New Fla. Trade Secrets Law Seen As Too Easy To Abuse

Carolina Bolado | June 11, 2021

Law360 (June 11, 2021, 7:49 PM EDT) — Attorneys fear a new Florida trade secrets law that aims to target China and other foreign agents looking to steal intellectual property casts too wide a net and could catch employees in run-of-the-mill trade secrets disputes.

H.B. 1523, the Combating Corporate Espionage in Florida Act, is billed as a new tool that will help prosecutors fight foreign governments and their agents who steal trade secrets. And while it certainly does that, it also could have unintended consequences that legislators — who passed the bill on unanimous votes in both houses — may have overlooked, according to James Gale of Cozen O’Connor.

“The legislature is not wrong that China is ripping off Americans on a daily basis,” Gale said. “But I think they just used a bazooka to kill a fly.”

Under the statute, stealing a trade secret remains a third-degree felony, but the law creates a new second-degree felony for trafficking in those trade secrets. If the theft is for the benefit of a foreign government, the offense is ranked one level higher on the offense severity chart.

Gale, who teaches trade secrets law at the University of Miami School of Law, said the law is a “trade secrets statute on steroids” unlike any he has seen around the country. It not only increases the risk of a claim being brought against a former employee who takes materials, either on purpose or inadvertently, but also adds the ex-worker’s new employer as a potential target because it affects anyone who obtains the trade secret, even if the information in question is not used.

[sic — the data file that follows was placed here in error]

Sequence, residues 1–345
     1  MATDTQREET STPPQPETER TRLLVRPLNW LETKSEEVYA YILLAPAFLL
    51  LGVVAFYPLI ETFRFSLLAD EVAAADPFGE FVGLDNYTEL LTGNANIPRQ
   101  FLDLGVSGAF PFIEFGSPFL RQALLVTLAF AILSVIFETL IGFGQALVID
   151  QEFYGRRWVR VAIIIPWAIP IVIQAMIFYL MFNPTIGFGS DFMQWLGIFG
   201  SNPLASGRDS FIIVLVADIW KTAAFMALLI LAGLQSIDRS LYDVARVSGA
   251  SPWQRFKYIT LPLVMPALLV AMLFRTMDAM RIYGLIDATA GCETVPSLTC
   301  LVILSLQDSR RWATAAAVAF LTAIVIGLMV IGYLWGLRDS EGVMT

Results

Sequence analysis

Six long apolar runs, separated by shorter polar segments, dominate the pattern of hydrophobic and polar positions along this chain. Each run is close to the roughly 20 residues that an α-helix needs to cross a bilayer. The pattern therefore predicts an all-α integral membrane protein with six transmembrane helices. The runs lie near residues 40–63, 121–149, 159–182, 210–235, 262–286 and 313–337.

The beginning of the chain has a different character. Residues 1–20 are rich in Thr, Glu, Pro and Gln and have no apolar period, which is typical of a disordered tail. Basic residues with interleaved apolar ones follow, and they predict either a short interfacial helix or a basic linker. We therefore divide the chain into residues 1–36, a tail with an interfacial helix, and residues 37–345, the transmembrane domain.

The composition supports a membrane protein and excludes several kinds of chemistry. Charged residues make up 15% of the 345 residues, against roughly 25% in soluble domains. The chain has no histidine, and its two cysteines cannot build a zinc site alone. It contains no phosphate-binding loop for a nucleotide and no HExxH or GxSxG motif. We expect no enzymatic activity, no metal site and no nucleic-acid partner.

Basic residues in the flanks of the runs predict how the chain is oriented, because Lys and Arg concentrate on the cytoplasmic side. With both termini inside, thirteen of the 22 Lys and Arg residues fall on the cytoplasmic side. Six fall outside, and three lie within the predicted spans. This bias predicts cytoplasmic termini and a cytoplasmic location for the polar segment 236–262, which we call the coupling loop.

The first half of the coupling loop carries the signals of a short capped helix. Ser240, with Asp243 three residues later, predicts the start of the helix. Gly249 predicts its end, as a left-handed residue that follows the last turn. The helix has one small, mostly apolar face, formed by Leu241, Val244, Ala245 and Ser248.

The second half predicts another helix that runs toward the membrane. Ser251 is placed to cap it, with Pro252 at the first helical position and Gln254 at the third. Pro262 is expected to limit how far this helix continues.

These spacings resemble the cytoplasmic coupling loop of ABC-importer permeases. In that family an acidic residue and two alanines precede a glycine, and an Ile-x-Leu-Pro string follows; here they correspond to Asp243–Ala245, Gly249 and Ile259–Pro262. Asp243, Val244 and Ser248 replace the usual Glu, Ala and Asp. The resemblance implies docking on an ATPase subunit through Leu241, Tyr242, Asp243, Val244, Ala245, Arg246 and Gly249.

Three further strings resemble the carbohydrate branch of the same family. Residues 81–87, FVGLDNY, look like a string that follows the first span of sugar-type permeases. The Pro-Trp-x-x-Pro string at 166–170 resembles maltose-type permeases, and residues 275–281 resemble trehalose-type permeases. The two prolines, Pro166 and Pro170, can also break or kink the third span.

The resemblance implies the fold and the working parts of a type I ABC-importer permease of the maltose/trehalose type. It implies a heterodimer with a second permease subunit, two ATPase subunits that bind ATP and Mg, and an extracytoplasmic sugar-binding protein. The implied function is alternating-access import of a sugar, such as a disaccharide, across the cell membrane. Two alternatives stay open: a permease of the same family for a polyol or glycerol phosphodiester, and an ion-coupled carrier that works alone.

“This is a key distinction between this statute and many other statutes around the country,” Gale said. “It’s answering a question that has come up in a number of cases around the country as to whether mere possession is sufficient to constitute a theft of trade secrets, and this statute answers it to say mere touching of it could subject the person to criminal and civil penalties.”

While attorneys said it is unlikely the law will lead to a dramatic increase in state prosecutions of small trade secret theft cases that have typically been handled by civil courts, Jonathan Pollard of Pollard PLLC, who focuses his practice on trade secret and noncompete matters, said that often the mere threat of criminal penalties — and now longer potential prison sentences — is enough to constrain employee mobility and have a new employer get cold feet.

The law gives companies an additional weapon to wield against employees seeking to leave, he said.

“The cases routinely filed are run-of-the-mill employee leaves and takes documents or some spreadsheets with customers,” Pollard said. “Everybody and their mother files bogus theft of trade secrets cases and uses it as a way of inhibiting mobility.”

Pollard pointed to a section of the new law that updates the language of what constitutes a trade secret to account for electronic documents and information stored in the cloud. But he said additional updates are needed beyond the format in which a document is stored. The framework for what is considered a trade secret was developed before the age of Google, when things like customer information were not easily available online.